Then there are instances of editing work that just makes you want to give a standing ovation: take a look at how my pride in our meritocratic system in my originally letter has been transfigured into awe at Dr Ng’s background, for example! Dear friends, when an editor takes the time and effort to not just paraphrase but completely and utterly transform your piece in both intent and meaning, then what can we say but bravo.

There are surely no lazy slackers over at the Straits Times; instead we have evidently men and women who dedicate time and effort to correct their misguided readers, and protect them from the shame of having their real opinions published.

It makes me angry to think of how these fine journalists, servants of the public good, are routinely abused by ignorant Netizens for coming in 136th in the worldwide press freedom rankings! Yet they take the criticism, the vitriol and venom constantly directed towards them without once complaining. Oh, the nobility.

That straw that broke the proverbial camel’s back for me? Notice how in my original letter I dedicated a whole paragraph to saluting these gentlemen and ladies… And yet, not a trace of praise and commendation found in the published letter! The modesty, the humility to censor from the public eye praise for your own work, knowing that the true journalist works not for recognition but for the inherent reward of serving the public… My friends, it brings a tear to my eye.”

EDIT: Here’s evidence of Sam’s statistics, straight from the horse’s mouth:

http://www.straitstimes.com/STI/STIMEDIA/pdf/20110308/a10.pdf

The Saga Continues:

Straits Times Fail 01: Statistical Manipulation

Straits Times Fail 02: Watering Down Your Opinions

Straits Times Fail 03: Heavily Modifying Your Letters

Straits Times Fail 04: Weak Justification For Modifying Letters

Straits Times Fail 05: Same Old Shit Again

 

About Visakan Veerasamy

I work at ReferralCandy, write at PoachedMag and blog at... here. This is my blog. You can find me on Twitter at @visakanv. I deactivated my Facebook account a while ago because the noise was too much for me to handle. How does this authorship nonsense work?
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74 Responses to Straits Times Fail 03: Heavily Modifying Your Opinions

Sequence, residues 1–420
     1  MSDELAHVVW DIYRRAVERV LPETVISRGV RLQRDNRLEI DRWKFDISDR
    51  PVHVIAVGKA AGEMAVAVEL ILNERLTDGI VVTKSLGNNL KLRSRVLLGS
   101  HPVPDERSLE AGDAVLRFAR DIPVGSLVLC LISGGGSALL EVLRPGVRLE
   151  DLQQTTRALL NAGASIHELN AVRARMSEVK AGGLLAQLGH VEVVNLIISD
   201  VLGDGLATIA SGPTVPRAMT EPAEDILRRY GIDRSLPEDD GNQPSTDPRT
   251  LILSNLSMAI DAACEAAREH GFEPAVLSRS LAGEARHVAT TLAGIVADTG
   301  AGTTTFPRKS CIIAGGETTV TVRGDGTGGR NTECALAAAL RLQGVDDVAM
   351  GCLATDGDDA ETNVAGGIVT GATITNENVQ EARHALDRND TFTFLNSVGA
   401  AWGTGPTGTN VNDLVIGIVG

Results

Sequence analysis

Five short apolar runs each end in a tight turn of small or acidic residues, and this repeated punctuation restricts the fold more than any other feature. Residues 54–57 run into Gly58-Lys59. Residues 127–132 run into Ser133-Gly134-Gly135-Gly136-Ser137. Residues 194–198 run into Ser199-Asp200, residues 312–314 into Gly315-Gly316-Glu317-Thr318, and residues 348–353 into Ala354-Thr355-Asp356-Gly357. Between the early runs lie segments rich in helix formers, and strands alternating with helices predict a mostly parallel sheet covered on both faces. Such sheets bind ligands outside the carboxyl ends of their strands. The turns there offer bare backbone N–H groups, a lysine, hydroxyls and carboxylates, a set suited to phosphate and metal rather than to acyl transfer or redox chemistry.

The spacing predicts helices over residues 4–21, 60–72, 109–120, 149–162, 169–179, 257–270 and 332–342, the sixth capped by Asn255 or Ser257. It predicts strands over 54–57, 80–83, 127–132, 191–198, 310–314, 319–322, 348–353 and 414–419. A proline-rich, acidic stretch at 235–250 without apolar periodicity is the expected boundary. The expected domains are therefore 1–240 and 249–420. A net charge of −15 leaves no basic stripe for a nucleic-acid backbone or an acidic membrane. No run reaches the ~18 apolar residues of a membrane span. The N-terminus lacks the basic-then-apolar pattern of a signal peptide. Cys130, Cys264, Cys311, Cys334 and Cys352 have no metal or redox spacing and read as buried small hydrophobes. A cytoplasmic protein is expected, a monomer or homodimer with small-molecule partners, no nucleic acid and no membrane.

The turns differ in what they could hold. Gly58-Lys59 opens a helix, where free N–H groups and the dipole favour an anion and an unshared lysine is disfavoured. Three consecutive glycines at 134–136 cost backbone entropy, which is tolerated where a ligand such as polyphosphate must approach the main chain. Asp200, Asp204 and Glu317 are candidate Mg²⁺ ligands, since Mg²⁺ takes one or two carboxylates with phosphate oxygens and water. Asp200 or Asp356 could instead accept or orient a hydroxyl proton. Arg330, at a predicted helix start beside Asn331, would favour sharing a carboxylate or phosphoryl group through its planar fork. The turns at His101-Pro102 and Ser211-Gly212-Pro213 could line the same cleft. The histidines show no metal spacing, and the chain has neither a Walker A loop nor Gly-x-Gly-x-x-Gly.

1. Xavier says:

    What the fuck. This is just fucked up, myeng. Those people at ST are really intelligent assholes. They know how to throw the finger right back at you under your own name. Brilliant. Love it.

    Initially as I read this post I was thinking of how the editors were a bunch of sniveling rats afraid to publish truth saturated in a bowl of sarcasm. Then I put myself in their shoes, and thought it incredibly unlikely. Afterall, they can’t be that stupid. ‘If I was in charge of a published forum and had authority to alter any such submissions with impunity, without recourse of protest by the sender, what would I do? What would be the most awesome thing I could do if some prick (subjective to them, obviously) wrote in sarcastically, under HIS OWN NAME to besmirch the corporation I’m working for? Am I going to let this glory hound get away? Am I going to just *not* post it and let him tell his friends how we’re a bunch of pansies and let him get brownie points?

    This is simply – admirably – a troll on your friend of great subtlety. You just can’t see it unless you look past your sense of outrage of free speech being stifled. It has – but that isn’t the point. The editors fully understand how such a gesture would be interpreted by the ‘smartass’ who wrote in. They’re not dumb. You can’t be dumb and distort statistics to such a degree. Then you see the other side of the moon. And it is funny. Boy, is it funny.

    Good troll, ST people. They’re not distorting your friend’s opinion, Visa. If they wanted to present false statistics they could just write something else and bullshit their way through, like they (seem to you) to have always done. Instead, they fucked your friend with his own dildo. I’d say they chose the best option available to them.

    I mean, what could they have done – refuted their own claims? Go against the political and social agenda of the greater interests at stake?